And we need to encourage senior women executives to look to the Federal government as a place to share their talents. We have an obligation to one another. We need to support, network, aim high, encourage. We need to do all those things for one another.
That's where leadership must come in. We must sponsor women. We must advocate for women.
Sometimes people say we need to look to the private sector as model employers. I say all we need to do is look right here in government, where nearly 34 percent of our executives are women, and more than 35 percent at USDA.
Frankly, we are doing better than the private sector. And we continue to improve. Our feeder positions into the SES - GS 14's and 15's - those numbers are great. But we need to get them higher.
There's no question that the interest is here. The Federal Women's Leadership Summit sponsored by the White House last year had a tremendous response. Twelve hundred women signed up for the webcast to learn how to write their corps qualifications and get more leadership information. We're going to do more of those.
We're going to Federal Executive Boards across the country. We're going to start a coffee talk program. We're going to invite women from every level of government to participate to make sure they have an opportunity to see the possibilities for them to advance and to succeed. I am committed to expanding and improving the training and development opportunities for the Federal workforce, especially for women, people of color and those from groups underrepresented in Federal service.
As women, we have to make sure to take advantage of these opportunities. We've got to take advantage of the President's 2015 budget proposal where employee training money is available to support the exchange of training ideas across government. We can all learn from each other what works and how to share our successes. Women can be in the forefront of this opportunity.
Take for example, Karlese Kelly, your Chief Learning Officer and Deputy CHCO and Billy Milton, your CHCO. They have partnered together to advocate for women at the USDA. They are a powerful team that is standing up for you. This is the kind of partnership and collaboration we must promote across the Federal workforce.
Before I go, I want to talk to you about some of the work/life benefits available to Federal employees that women sometimes are not taking full advantage of – but should be. And some quick advice.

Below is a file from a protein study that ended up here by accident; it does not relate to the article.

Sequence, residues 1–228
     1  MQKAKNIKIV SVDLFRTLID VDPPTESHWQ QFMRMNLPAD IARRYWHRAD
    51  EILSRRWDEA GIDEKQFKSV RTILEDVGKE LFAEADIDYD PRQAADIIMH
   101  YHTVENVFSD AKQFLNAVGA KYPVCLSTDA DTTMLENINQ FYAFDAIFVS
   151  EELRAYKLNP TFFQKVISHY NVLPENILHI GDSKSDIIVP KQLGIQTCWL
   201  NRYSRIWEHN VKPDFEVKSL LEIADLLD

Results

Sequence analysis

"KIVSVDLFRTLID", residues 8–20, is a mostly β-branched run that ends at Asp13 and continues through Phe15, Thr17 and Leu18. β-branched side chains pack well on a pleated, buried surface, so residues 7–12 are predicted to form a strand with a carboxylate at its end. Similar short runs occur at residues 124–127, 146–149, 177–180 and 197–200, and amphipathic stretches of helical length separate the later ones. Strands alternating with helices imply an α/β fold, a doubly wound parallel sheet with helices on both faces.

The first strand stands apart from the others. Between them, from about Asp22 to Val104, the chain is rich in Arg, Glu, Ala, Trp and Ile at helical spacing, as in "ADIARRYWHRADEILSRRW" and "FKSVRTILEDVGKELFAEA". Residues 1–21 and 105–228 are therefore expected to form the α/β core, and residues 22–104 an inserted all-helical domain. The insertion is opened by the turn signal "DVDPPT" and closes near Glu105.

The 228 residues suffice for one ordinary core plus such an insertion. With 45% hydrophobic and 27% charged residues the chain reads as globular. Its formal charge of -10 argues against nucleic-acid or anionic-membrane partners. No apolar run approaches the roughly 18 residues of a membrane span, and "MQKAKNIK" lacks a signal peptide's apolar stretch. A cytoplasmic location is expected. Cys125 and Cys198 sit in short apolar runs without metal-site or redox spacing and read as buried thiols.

You know what; we've got to save more. Look to our Thrift Savings Plan. We are participating. But we're not saving enough. Save more!
When it comes to health care benefits we're the ones who usually make those decisions in the family. We've got to make sure we review all our health care choices. OPM has an online tool that can help at open enrollment time. Take a look.
We've got to make sure we can balance our work life and our home life.
And I want you to think about Teleworking. Telework is a great advantage for women and their families. In 2013, the share of Federal employees eligible to telework reached 47 percent. Think about whether this is something you want to take advantage of. Step up and work with your managers.
And finally I wouldn't be doing my job as Director of OPM if I didn't talk to you about where women stand when it comes to pay and leave.
Our President is passionate about this issue and so am I. The Lilly Ledbetter Fair Pay Act was the first law President Obama signed in 2009. And he ordered a government-wide review of pay and leave. What I can tell you right now is that the Federal government is doing better than we thought.
We have a principle in law in the Federal government that equal work deserves equal pay. It's the law. The President has directed us to make sure that we're doing it within the Federal government. Equal pay for equal work.
I am proud of the steps we have taken throughout government on the issues that are important to its women's employees. But we have more to do.
Frankly, it is not just about us – it's about the communities we serve. Your commitment to serve families wherever they are, help them meet their basic needs and expand their opportunities is important to all of us.
So I want to thank you again for inviting me to participate in this important day of recognition for women.
Let me leave you with this thought.
Just as I talked about my mother and my daughter being my personal heroes, we should all remember that heroes are not always those people whose names are on the front page of the Washington Post or at the top of the nightly newscast.
Sometimes they are right here in our own workplace. I want you to take a look at everyone in this room. Look to your left. Look to your right. Because I can assure you – you are sitting right next to someone's hero and we are all lucky that she is here with us!